Mueller is reportedly studying recordings of Roger Stone discussing WikiLeaks on 2016 conference calls

Special Counsel Robert Mueller is reportedly examining comments President Trump's informal adviser Roger Stone made about WikiLeaks in 2016.

These comments originate from a series of conference calls Stone held, during which he predicted that WikiLeaks would soon release information that would impact the election, The Wall Street Journal reports. This would have been after WikiLeaks released some hacked Democratic National Committee emails in July 2016, but before the additional leaks in October 2016.

The social media specialist who organized some of these conference calls, Jason Sullivan, told the Journal he turned over the recordings to Mueller's team after they were subpoenaed. In one of the calls in August, Stone reportedly said that WikiLeaks founder Julian Assange is "going to continue to drop information" that will "roil this race." Stone reportedly says in another call that he had been in touch with Assange personally. Both WikiLeaks and Stone have claimed the two men never communicated. The special counsel's office in July indicted 12 Russian intelligence officials for hacking the Democratic National Committee and the Hillary Clinton campaign.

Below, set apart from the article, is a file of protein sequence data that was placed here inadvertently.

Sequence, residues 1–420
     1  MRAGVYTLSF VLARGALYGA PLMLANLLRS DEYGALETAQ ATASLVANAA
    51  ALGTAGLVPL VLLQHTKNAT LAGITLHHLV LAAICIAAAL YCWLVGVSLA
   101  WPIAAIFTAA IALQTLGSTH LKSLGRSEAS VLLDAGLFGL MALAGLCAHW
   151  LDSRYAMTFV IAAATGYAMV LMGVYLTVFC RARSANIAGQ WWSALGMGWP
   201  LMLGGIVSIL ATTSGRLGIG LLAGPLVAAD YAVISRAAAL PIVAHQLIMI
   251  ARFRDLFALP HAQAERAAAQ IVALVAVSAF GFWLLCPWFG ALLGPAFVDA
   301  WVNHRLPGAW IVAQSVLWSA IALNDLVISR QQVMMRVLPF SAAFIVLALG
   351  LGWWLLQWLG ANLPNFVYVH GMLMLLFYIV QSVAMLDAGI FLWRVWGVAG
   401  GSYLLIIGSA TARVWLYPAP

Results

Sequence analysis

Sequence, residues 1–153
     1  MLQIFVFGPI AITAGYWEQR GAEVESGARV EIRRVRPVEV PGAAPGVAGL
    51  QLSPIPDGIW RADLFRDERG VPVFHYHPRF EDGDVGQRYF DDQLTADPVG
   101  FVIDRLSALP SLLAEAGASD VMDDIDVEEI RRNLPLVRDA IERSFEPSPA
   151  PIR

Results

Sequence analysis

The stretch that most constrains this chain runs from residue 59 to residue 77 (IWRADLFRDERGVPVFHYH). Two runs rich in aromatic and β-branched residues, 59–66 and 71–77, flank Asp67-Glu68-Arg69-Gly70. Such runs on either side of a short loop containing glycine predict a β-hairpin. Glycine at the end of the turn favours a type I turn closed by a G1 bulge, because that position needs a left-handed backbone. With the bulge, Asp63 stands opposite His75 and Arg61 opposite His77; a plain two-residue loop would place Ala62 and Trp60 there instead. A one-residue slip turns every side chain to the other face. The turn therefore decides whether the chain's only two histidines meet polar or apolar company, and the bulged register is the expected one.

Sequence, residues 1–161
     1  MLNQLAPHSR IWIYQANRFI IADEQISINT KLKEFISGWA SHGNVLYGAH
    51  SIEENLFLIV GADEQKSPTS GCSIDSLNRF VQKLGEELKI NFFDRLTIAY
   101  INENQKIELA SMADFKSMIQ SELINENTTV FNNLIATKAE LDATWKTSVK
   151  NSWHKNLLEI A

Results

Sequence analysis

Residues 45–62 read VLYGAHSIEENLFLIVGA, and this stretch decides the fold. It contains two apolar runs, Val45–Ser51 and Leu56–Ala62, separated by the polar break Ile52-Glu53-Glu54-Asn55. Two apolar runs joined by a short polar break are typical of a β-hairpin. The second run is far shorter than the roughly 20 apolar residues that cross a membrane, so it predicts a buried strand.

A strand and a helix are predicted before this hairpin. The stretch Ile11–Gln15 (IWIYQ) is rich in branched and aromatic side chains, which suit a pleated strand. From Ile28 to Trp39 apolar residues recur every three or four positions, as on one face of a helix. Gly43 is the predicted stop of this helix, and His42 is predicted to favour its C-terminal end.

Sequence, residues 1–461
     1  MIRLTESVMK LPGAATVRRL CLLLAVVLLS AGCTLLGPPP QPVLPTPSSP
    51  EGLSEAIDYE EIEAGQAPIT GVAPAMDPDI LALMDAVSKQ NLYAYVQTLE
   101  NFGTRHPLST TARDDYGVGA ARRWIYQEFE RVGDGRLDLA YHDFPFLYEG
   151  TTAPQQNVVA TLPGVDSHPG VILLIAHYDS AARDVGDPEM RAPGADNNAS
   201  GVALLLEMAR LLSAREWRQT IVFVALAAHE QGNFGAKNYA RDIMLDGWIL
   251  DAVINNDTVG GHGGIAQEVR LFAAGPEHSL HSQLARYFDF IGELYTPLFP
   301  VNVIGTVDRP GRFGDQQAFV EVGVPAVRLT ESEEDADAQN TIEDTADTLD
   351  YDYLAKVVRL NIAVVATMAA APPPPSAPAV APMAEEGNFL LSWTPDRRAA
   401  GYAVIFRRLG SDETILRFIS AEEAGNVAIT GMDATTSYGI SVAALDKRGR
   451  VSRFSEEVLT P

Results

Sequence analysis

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Sullivan said that the special counsel's office is also looking into Stone's text messages and emails. Stone reportedly claimed in one August 2016 email to have "dined with my new pal Julian Assange last nite," but he now says this email was just a joke.

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